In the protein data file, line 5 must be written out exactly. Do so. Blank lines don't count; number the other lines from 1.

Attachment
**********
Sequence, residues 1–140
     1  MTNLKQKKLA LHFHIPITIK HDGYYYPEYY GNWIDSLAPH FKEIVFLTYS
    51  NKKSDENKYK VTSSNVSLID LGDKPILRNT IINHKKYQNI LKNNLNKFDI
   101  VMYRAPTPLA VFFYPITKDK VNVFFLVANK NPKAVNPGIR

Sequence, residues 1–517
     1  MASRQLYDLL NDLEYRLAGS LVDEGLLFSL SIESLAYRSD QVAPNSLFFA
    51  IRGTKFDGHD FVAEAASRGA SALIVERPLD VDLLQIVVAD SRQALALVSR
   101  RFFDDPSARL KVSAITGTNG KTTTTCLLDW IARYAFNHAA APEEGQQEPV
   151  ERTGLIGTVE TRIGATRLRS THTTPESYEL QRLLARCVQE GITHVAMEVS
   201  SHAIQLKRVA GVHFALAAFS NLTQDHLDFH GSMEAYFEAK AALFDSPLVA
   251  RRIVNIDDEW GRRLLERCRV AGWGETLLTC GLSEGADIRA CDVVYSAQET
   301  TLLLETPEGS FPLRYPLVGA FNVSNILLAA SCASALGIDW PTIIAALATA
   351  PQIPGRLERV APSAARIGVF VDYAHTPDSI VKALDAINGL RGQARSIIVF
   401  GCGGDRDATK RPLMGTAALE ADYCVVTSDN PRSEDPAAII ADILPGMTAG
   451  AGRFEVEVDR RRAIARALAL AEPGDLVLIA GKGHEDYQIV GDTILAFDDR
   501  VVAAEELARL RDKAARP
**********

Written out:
Sequence, residues 1–517